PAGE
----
As a nervous sophomore, I walked into the office of Warnell’s Career Service Coordinator, Ami Flowers, and prepared to drastically change my career plan. I was going from a Biology major with the lifelong dream of becoming a veterinarian to a Wildlife Science major with an unknown future. After discussing this plan, Ami mentioned to me that Warnell offered a dual program in which students could earn Wildlife degree as well as a Forestry degree with just one additional semester of classes. For someone who had just thrown every previous life plan out the window with no idea of what was to come, this sounded like a good deal to me. So, that day I went back to my house, logged onto Degreeworks, and became a dual Forestry and Wildlife Science student.
I didn’t know the first thing about forestry, and not much about wildlife science when I stepped into Warnell on my first day of classes. Amongst the confusion of navigating which buildings were 1 and 4, I made a few friends along the way; ones that would become my family. What I did expect from this school were late nights studying subjects I was unfamiliar with, but what I didn’t expect was to be welcomed into the most amazing familial atmosphere I have ever experienced. What I didn’t expect was to meet some of my best friends.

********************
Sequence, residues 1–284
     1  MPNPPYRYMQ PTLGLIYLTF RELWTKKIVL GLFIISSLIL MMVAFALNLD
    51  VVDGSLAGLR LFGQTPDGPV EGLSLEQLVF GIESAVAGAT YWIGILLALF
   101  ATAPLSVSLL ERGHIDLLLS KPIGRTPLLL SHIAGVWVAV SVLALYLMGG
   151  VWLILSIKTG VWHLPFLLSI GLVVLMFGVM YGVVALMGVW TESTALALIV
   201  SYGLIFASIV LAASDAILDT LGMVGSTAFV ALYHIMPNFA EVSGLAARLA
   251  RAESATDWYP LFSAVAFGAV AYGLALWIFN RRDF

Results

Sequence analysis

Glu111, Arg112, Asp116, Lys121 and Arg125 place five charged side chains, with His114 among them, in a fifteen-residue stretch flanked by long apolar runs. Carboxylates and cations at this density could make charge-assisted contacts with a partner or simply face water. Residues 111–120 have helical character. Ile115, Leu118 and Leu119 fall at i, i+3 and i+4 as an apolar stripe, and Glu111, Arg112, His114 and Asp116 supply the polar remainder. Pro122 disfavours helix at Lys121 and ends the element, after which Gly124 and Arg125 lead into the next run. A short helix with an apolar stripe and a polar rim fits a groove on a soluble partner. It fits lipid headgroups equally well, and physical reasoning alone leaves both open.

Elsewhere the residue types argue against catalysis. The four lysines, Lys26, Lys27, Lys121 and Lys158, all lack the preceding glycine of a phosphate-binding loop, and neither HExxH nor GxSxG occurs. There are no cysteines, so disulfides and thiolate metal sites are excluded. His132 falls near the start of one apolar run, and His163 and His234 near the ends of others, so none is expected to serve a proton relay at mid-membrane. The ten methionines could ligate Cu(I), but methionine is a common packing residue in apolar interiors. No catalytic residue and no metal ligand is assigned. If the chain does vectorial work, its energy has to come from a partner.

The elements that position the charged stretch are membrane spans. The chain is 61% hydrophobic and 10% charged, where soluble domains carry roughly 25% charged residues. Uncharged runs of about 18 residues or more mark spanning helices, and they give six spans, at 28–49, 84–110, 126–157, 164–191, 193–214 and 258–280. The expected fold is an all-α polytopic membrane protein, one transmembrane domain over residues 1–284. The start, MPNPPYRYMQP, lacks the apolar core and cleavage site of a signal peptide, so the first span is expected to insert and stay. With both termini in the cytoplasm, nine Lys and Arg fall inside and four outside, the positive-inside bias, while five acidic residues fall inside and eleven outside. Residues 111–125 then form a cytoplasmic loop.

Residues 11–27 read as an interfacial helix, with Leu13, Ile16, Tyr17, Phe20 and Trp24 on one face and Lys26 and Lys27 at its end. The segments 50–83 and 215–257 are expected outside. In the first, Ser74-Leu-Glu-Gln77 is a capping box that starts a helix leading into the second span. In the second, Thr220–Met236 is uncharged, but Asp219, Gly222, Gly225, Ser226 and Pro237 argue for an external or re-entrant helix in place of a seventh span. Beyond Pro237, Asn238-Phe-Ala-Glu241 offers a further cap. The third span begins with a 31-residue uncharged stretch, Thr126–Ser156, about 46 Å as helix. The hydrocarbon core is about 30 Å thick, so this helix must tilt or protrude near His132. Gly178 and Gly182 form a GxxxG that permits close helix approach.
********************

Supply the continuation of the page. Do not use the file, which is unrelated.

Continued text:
I believe that my decision to seek a dual degree has allowed me to foster these friendships with students and professors in both fields. This has been, by far, the coolest opportunity that I have had in my college career. In one day, I go from learning the basics of Forest Mensuration, calculator in hand, with Dr. Bullock, to laughing in Mammalogy as Dr. Castleberry makes his clever jokes about whatever mammals we are studying that day.
I see this especially on field trips taken outside of school. I recently attended the Mammalogy field trip with several other students. I remarked at how easily we all got along with each other. This summer, I attended Forestry Field Camp with around 30 other forestry students. The three weeks we spent together were full of long hours and hard work, but also of laughter and new friendships. From both of these trips, I have learned how great it is to have friends in both the forestry program and the wildlife program, the best of both worlds. It’s these moments that make Warnell home to me and why I will be forever grateful that I was convinced to do both.